Given the inauspicious outcome of this first round of talks, few observers on either side expect subsequent rounds to yield major breakthroughs. Indeed, many in Washington are expressing growing concern about the potential impact of deteriorating trade relations on the U.S. economy. This past Thursday, over 1,100 economists — including 15 Nobel laureates — signed an open letter warning the Trump administration that “new tariffs in response to trade imbalances” would harm workers across the country, much like protectionist measures did in the 1930s. Today, of course, Washington depends far more on trade, supply chains, and globalization than it did over three-quarters of a century ago. A Brookings Institution analysis published last month estimated there are “some 2.1 million jobs in the 40 industries that produce products now slated for Chinese retaliation.” If Washington and Beijing proceed with reciprocal impositions of tariffs, an even more recent study concludes, nearly 134,000 Americans would lose their jobs, and American farmers’ net income would fall by 6.7 percent.
Over the long term, though, the main risk of indefinitely heightened trade tensions between the two countries is not commercial, but strategic: Robust economic interdependence has played a central role in preventing vigorous competition between the United States and China from devolving into outright hostility.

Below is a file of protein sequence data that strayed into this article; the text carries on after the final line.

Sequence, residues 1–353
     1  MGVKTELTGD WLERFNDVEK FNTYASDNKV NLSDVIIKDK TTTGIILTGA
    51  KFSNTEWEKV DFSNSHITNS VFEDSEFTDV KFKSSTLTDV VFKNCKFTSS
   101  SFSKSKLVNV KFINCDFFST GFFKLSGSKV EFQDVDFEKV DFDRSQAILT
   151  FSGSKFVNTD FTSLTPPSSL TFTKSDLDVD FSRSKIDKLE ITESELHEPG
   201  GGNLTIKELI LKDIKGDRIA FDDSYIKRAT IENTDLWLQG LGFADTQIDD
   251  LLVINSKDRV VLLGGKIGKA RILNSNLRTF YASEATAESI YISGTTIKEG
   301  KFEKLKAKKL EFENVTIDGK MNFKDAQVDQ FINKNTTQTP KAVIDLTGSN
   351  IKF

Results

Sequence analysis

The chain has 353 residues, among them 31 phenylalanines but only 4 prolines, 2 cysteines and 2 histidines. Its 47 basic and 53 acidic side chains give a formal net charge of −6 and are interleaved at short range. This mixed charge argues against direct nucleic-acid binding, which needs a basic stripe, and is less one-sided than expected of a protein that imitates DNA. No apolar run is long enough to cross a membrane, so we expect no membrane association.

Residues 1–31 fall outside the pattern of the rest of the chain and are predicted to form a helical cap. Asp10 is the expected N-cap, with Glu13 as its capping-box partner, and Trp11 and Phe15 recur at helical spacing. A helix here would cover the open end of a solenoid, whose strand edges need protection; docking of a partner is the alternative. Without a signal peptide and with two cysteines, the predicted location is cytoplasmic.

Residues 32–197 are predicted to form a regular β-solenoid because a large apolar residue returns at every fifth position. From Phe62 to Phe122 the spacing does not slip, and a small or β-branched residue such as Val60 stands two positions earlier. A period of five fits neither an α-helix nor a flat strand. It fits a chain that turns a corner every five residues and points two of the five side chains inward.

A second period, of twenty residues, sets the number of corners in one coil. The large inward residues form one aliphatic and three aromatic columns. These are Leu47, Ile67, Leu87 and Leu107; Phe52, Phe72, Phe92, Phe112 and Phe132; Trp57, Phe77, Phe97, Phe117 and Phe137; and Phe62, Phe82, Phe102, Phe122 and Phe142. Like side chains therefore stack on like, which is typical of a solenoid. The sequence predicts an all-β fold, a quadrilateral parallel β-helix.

The ties that bind are thankfully thick and wide-ranging. The United States buys some 18 percent of Chinese goods exports, more than any other single country, and roughly two-thirds of China’s $3.14 trillion in foreign-exchange reserves consist of dollar-denominated assets. On the flip side, China is America’s top trading partner, the fastest-growing market for its exports and the largest foreign holder of U.S. Treasury securities.
But China has been making a concerted, successful push to reduce its dependence on trade: the share of total exports in its gross domestic product fell from over 30 percent in 2007 to under 20 percent last year; during that same time, the share of exports to the United States fell from approximately 9 percent of China’s economy to just over 4 percent. If Beijing concludes that trade tensions with Washington are likely to stay, and perhaps even intensify, it may well take steps to accelerate that trend. America’s current trade tensions with a range of other actors — Mexico and Canada (over the terms of a potential revision to the North Atlantic Free Trade Agreement), Japan (over the extant trade imbalance) and the European Union (over the volume of U.S. steel and aluminum imports), in particular — afford it a compelling set of opportunities to diversify away from U.S. imports. Meanwhile, the progression of Beijing’s flagship economic-cum-strategic project, the Belt and Road Initiative, will enable it to deepen its footprint and forge new relationships across a wide swath of Eurasia.